Securing a Book Contract - From Consumer to Producer of the Literature - Writing as Professional Development

Writing for Publication: Transitions and Tools that Support Scholars’ Success - Mary Renck Jalongo, Olivia N. Saracho 2016

Securing a Book Contract
From Consumer to Producer of the Literature
Writing as Professional Development

One vastly experienced editor for a commercial textbook publisher explained the situation of signing authors this way: “Of the professors I talk to about a book project, about one-third will follow through and write and submit a book proposal. Of that one-third, about a third of the projects are worth pursuing in our estimation and the estimation of the reviewers; these authors will be offered a contract. However, nearly half of them will bail out when they see all of the recommendations for revision. Only about half of those still standing will finish the book and produce a first edition. Out of those produced, about 20 % will go to a subsequent edition and out of that 20 %, about 2—5 % will make a significant profit. We actually use a letter grading system that is based on the amount invested in advertising, ranging from an AAAA down to C.”

It is very difficult to know what to expect financially from writing a book; our best advice is to set you expectations very low. As one college textbook author put it, “I treat any royalty checks I happen to get as ’mad money’ to use on whatever makes me happy. If I’m lucky, I have enough to take the kids to Disneyworld.” Some basic facts help authors to formulate ideas about what would be fair. Table 10.9 contains information relevant to book contracts.

Table 10.9

Background on book contracts

Net versus gross. To understand the difference between the net and gross, just think of your paycheck—the gross is quite a bit larger. Suppose that a publisher charges $80.00 for a book—that is the gross income. But from that amount, the publisher has to pay for personnel, office space, design, paper, printing, production, and technology; they also have to produce advertising, marketing, mailing, and send out free copies. The bookseller needs to make a profit as well. As a result, the net is about 30 % of the gross for books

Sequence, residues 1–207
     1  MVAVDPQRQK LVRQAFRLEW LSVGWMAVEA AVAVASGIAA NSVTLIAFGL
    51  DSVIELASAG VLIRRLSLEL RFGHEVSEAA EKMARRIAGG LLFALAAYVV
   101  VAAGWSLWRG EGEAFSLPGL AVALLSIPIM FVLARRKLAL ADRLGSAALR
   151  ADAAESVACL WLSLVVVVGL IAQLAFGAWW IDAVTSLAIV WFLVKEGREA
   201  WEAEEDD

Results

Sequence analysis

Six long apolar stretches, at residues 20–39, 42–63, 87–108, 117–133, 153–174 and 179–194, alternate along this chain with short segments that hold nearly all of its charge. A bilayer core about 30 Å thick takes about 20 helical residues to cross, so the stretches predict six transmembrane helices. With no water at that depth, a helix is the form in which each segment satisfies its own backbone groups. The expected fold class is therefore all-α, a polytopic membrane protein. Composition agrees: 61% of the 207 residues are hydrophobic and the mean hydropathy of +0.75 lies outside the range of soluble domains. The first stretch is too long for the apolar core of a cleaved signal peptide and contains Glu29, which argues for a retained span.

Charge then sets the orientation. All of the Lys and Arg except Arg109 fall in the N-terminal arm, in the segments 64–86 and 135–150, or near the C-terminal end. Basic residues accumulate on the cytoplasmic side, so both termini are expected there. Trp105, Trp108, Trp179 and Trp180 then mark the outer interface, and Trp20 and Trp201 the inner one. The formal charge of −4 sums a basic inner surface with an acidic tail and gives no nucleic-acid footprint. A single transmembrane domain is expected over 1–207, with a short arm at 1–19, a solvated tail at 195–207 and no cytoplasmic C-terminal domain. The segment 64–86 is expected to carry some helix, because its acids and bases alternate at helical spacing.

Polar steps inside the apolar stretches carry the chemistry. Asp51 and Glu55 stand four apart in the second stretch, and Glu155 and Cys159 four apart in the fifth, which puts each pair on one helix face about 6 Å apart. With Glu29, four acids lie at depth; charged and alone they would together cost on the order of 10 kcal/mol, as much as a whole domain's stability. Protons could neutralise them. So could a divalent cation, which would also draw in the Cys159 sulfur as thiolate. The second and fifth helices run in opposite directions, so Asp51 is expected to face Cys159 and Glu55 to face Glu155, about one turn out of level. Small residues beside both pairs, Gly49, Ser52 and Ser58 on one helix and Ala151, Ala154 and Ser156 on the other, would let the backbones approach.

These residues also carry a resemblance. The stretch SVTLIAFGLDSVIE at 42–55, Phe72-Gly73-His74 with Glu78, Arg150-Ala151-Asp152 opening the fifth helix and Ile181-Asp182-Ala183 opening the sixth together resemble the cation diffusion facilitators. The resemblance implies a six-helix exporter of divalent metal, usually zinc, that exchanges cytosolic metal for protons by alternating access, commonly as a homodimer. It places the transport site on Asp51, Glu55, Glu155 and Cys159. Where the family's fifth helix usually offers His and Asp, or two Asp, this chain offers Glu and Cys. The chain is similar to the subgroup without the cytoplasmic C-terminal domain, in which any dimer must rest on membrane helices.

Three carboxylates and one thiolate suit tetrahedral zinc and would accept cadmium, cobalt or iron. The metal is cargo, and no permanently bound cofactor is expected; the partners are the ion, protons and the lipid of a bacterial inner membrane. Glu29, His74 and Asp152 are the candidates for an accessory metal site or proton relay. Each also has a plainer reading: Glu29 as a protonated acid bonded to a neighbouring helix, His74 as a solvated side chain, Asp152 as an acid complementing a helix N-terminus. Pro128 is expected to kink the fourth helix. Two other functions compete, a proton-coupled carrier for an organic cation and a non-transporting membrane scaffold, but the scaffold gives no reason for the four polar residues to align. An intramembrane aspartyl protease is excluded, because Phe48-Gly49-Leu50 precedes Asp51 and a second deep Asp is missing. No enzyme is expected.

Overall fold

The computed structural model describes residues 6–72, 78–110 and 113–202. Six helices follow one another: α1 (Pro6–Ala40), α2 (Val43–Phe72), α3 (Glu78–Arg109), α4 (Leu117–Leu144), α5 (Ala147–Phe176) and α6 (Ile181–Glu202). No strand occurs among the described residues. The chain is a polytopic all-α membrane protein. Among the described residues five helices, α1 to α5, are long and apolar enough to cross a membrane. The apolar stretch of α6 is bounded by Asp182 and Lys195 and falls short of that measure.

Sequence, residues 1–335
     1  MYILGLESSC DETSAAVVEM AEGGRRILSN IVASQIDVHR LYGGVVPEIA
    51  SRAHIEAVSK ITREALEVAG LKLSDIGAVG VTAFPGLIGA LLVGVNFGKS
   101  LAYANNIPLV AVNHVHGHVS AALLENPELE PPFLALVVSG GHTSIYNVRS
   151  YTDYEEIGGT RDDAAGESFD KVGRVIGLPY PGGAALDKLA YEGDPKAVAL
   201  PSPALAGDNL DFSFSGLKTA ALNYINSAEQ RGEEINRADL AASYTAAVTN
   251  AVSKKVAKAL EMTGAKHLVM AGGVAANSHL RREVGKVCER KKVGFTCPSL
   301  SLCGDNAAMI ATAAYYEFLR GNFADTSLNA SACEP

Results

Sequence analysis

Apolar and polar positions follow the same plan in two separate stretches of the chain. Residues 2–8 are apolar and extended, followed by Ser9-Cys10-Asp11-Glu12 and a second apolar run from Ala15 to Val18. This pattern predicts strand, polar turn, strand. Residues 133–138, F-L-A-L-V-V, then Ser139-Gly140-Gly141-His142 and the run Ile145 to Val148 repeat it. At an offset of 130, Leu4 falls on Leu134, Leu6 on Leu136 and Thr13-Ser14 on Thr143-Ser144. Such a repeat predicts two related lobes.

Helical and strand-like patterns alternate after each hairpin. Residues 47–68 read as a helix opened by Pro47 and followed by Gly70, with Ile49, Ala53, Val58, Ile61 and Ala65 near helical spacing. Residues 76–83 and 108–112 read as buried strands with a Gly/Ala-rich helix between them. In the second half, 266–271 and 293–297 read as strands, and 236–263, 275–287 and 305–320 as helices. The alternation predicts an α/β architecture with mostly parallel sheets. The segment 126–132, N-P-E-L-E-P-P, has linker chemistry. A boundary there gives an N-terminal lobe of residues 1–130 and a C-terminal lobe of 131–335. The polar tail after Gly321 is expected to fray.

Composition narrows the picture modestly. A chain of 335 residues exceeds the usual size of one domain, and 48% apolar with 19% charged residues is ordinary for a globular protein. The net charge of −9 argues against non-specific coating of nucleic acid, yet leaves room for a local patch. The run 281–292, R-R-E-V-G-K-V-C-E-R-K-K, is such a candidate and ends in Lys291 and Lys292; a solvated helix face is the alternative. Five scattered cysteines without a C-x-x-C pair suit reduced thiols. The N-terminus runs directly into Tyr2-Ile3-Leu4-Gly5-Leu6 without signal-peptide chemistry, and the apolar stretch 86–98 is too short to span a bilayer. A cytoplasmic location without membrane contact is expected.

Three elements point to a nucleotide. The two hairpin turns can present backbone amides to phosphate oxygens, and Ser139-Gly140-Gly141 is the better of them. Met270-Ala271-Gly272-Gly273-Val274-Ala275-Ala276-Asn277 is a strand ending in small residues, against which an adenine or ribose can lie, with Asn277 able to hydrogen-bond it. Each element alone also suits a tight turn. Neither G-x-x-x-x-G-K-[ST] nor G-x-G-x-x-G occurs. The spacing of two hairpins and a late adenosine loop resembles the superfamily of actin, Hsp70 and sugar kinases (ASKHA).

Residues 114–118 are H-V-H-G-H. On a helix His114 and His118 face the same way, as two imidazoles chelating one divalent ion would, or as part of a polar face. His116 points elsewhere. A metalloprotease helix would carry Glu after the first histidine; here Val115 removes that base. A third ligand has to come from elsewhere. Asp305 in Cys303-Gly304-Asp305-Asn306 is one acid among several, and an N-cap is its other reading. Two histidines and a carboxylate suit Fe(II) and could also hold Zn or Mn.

Basic royalty rates. These are payments made to the author, based on sales. A typical royalty rate is about 7—10 % of the net income generated by the book—not the cover price at the bookstore (that is the gross). This means that if the net price of the book is $40.00, you would earn about $2.00 per book and, if you have a co-author, your share is $1.00 per book. Knowing this helps to answer a common question: “Should I hire an agent or a lawyer?” With compensation this low, it probably is not worth it to pay a percentage to someone to advise you

More on royalties. Be sure to read the contract carefully—royalty rates are often lower on international sales, direct sales, or electronic versions. Some publishers—such as professional associations that are nonprofit—may not pay any royalties at all since their book publishing programs often are designed to get high-quality, inexpensive resources into professionals’ hands. Where college-level textbooks are concerned, it might be advisable to include an escalation clause (for example, an increase from 8 % to 10 % after the first 7,000 copies are sold) or to renegotiate when a subsequent edition is planned. Realize too that there are no royalties on used books, only on new ones